Gatekeepers – Are They Helping or Hurting Your Business?

Gatekeepers – Are they helping or hurting your business? eCommerce marketing consultant Shirley Tan explains.Are your gatekeepers costing your company money? Most businesses have them, especially if the company has more than 10 employees. A gatekeeper is defined as the person who is responsible for a certain task or job (or the person you need to go through to get to the decision maker).

Gatekeepers are pretty much needed. They are there to ensure that employees and owners of the company follow the established company protocol of procedures and systems. They usually get credit for running a tight ship. It is great when your gatekeeper is doing his or her job, and then some.

What I would like to discuss is when your gatekeepers are actually costing you more money than you realize in lost sales and business opportunities.

Consider these scenarios:

  1. At a law firm where it’s typical for lawyers to go through manila folders like it’s going out of style, the office manager was spending her time removing the labels of very old files and putting on new labels to reuse the folders. It’s admirable that her intent is to save the firm money on folders, and the other intent is not to be wasteful, but she didn’t consider that her time is better spent doing other tasks, like making sure monthly billing gets out on time.
  2. A VP tightened up the CVVS code review, which resulted in a delay of processing orders because she was the only person approving and she had other things to do all day long. What preempted this was when was that I said, “We really have to do something about these fraudulent order” (after getting about 4 -5 of them in a row). So, our VP decided that she would review each order herself. Unfortunately, she’s super swamped already and was allocating only an hour a day to review the orders and waiting until the next day to approve more. Our orders were coming in daily and she was always behind (and seriously would never catch up), which resulted in customer complaints, canceled orders and lost revenue.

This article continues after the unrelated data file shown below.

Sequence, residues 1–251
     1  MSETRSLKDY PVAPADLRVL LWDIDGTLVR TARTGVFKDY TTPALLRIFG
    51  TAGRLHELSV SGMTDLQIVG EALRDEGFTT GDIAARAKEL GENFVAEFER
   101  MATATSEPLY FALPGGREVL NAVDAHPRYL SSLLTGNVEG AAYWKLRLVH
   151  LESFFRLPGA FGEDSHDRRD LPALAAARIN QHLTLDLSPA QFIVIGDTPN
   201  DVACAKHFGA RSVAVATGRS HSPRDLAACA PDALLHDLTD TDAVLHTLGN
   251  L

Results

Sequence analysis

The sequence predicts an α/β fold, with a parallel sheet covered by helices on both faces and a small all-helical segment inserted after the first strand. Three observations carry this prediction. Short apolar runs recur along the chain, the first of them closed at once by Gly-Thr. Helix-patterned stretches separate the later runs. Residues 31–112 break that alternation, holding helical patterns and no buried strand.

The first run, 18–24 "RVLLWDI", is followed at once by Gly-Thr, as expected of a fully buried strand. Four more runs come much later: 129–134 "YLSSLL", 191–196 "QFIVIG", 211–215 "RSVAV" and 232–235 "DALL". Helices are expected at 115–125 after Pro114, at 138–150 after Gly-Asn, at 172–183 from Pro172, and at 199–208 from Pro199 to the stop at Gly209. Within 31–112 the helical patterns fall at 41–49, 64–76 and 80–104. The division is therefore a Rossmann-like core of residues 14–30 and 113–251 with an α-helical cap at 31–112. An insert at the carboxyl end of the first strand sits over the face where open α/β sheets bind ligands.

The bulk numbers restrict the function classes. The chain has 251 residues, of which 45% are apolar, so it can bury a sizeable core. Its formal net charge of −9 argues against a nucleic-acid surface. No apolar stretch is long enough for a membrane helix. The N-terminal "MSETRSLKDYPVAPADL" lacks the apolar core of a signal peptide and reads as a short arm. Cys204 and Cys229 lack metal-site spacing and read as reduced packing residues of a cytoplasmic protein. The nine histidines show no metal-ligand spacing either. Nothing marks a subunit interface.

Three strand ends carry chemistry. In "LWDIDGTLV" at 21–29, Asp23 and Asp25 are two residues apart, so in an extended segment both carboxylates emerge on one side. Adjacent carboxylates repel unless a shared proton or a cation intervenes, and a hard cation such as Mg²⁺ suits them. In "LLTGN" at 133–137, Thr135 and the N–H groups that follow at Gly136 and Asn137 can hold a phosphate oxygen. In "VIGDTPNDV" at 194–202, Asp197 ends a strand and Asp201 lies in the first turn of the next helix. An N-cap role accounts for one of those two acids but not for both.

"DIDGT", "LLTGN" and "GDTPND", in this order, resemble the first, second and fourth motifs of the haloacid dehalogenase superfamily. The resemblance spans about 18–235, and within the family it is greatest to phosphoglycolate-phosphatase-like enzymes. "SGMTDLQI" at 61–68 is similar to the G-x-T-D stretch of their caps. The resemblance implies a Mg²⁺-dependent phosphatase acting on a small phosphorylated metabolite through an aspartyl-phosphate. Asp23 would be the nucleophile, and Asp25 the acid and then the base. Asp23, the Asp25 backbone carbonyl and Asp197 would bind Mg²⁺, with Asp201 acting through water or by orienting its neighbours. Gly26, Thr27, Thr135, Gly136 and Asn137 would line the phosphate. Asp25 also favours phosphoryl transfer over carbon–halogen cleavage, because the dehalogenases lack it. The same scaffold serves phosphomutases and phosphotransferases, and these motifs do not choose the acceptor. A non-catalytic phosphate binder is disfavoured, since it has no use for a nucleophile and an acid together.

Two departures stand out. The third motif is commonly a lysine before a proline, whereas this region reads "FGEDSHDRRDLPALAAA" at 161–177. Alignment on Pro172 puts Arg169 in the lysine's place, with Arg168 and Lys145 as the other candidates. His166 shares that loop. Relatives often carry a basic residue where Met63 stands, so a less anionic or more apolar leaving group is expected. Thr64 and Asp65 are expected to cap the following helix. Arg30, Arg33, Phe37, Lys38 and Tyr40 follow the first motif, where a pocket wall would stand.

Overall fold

3. When we were doing embroidery production in our warehouse in Burlingame, the production crew made mistakes on some of the bags and they would try to salvage them by unstitching the thread so that they could re-embroider them. This is great, except for the fact that it takes four times as long to unstitch the thread, and the crew could have been working on new orders. So we compromised — only unstitch if the product cost more than $10.00 and there are less than three letters to unstitch.
  4. Your purchasing manager, in his effort to save you money, decides to recycle used equipment which took months to get up and running, and test to see that it was working properly. Meanwhile, you watch your peak season go by, having to stall the launch of new products until next season. The bottom line: saving $700.00 to forego projections of several thousands of dollars in sales is not saving your company money. While you may have saved $700.00, you’ve lost the opportunity to make revenue as well as the opportunity to bring products into the market as a market leader.
  5. (Last one, I promise.) A purchasing manager, who does all the ordering in her proven way, typically calls in the order to the vendor and ensures that the products are en route. It’s great that she’s hands-on, but it’s not sustainable. I had a conversation with the owner, and I told him that he’s putting his company at enormous risk by continuing on this route. Don’t get me wrong, even the purchasing manager conceded that this pattern is not sustainable, especially at the growth rate that their company is experiencing. Solution: they’re bringing in affordable technology to help them with their inventory management.

Now, you’re probably thinking of the different possible scenarios that your gatekeeper might have cost you money, don’t blame her or him. This is a classic case where you may be thinking that its common sense, but it’s not about common sense. It’s about the strategy and goals that are communicated to your employees. These need to be clear and simple enough for everyone to understand, and they need to be achievable. Review the system you have in place, collaborate with your people, and make sure you understand where they are coming from. Get to know the thought process behind them making that call.

By: Shirley Tan

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